Just yesterday Klaus Kneale from Ecig Advanced published an article about how even though you say you prefer Vegetable Glycerin over Propylene Glycol, from blind-test studies, you might actually prefer PG (Propylene Glycol). I found the article to be quite interesting as it focuses on your taste and feel, rather than what you see or hear.
Here’s the original source:
In a conference call hosted by Wells Fargo, V2 CEO Andries Verleur spoke to media and analysts about the electronic cigarette industry. A variety of topics were covered ranging from consumer behavior and taxes to manufacturing and even international politics. One point seemed worth exploring with our community.
Verleur argued that although many individuals claimed to prefer vegetable glycerin as a base to their e-liquids, nearly 80% of vapers preferred propylene glycol in blind taste tests. The disconnect occurred largely, as Verleur argued, because people simply like the word vegetable more than glycerin,propylene, or glycol and that sways their judgement. Acorrding to Verleur, propylene glycol (PG) is easier to work with and has less taste to get in the way of flavor designs. Vegetable glycerin (VG) tends to be thicker and harder to work with.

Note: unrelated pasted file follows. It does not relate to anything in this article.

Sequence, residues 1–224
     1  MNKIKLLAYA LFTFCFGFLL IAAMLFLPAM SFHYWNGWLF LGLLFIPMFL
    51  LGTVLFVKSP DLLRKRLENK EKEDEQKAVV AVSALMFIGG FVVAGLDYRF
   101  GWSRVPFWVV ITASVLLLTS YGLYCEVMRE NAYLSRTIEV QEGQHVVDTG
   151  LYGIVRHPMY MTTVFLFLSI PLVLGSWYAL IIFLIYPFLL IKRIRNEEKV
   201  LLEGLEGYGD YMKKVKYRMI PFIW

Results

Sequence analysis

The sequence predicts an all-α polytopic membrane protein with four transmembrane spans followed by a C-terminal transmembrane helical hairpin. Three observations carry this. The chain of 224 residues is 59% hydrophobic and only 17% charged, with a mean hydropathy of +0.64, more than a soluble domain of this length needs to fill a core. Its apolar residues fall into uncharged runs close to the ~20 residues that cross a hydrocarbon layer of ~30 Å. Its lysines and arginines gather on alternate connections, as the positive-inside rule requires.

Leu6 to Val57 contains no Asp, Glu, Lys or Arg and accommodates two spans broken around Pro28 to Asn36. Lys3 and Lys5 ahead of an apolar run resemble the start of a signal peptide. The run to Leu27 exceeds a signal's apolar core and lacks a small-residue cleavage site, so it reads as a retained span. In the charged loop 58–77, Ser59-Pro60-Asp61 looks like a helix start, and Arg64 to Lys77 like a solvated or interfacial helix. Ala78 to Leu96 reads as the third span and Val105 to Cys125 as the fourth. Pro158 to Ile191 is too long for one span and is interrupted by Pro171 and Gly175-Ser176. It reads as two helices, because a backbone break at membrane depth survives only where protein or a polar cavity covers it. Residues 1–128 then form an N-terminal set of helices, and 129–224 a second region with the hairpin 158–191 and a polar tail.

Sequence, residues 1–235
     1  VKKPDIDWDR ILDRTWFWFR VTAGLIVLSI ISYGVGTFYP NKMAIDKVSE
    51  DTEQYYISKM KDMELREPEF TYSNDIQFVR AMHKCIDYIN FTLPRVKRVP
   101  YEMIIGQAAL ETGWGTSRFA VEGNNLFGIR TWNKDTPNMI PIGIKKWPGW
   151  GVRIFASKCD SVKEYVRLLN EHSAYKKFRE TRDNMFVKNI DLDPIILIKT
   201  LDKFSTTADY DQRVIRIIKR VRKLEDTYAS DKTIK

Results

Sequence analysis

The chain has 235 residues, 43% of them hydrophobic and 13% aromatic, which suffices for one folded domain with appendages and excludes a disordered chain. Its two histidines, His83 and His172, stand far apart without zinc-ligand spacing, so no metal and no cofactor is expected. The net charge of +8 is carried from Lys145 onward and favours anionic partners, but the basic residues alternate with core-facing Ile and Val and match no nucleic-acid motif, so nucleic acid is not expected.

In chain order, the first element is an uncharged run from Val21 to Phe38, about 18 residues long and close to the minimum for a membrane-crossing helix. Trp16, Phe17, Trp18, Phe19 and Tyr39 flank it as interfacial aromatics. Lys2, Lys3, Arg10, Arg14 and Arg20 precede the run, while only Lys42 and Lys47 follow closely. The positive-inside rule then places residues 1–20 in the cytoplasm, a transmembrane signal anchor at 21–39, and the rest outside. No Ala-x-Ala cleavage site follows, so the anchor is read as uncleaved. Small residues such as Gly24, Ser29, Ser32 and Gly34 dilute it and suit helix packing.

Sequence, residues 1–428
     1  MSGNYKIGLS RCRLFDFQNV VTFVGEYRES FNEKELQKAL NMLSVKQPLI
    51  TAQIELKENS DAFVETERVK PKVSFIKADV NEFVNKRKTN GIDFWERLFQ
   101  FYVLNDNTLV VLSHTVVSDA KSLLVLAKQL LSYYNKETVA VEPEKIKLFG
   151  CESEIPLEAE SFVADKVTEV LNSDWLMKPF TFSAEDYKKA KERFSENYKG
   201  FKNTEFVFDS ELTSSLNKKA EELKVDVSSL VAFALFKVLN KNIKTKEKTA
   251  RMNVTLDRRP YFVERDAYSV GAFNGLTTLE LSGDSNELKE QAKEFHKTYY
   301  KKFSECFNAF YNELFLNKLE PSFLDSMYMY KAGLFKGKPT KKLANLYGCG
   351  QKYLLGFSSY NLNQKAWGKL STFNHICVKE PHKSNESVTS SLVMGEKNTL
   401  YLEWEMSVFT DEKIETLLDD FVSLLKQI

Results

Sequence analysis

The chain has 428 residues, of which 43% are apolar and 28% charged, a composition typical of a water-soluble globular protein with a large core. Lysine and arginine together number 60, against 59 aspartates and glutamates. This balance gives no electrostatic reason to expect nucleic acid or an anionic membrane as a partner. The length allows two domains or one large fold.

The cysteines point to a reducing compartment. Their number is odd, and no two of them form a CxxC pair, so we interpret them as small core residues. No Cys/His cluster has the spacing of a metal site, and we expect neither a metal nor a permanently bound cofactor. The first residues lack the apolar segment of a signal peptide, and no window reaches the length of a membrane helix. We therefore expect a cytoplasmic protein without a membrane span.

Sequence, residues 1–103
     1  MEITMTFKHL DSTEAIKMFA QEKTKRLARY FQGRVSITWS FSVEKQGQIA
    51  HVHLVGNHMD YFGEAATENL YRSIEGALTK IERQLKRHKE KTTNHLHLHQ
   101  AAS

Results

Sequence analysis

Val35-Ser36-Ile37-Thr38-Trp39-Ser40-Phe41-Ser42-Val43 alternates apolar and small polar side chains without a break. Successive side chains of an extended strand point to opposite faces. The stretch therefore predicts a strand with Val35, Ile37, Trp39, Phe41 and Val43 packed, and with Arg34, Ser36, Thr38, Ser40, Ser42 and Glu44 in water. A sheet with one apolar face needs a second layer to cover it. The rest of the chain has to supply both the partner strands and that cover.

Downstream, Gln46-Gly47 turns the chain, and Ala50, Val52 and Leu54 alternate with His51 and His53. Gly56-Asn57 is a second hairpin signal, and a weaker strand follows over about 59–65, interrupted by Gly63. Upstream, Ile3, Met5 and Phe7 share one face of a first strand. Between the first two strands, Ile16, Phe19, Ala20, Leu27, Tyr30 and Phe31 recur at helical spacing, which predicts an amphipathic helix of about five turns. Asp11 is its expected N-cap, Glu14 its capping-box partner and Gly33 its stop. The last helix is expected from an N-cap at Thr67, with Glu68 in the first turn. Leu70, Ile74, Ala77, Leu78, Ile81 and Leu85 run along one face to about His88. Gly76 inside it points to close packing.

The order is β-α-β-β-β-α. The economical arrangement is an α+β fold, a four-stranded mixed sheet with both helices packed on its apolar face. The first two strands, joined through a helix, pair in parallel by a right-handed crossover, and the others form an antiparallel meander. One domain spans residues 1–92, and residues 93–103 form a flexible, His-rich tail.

Many e-liquids use a combination of the two, displayed as a percentage on the label. However, many companies seem to be heading more in one direction than another.
Although vegetable glycerin might sound better, it’s about the same as PG. Both are safe for consumption, a pose allergy risks to a small portion of the population, and both are used in a wide variety of products. PG can be found in many cosmetics, foods, cleaners, and even toothpaste. VG can be found in sweetened foods, dairy products, condiments, and even marshmallows. These are only a sliver of the vast number of places both PG and VG can be found.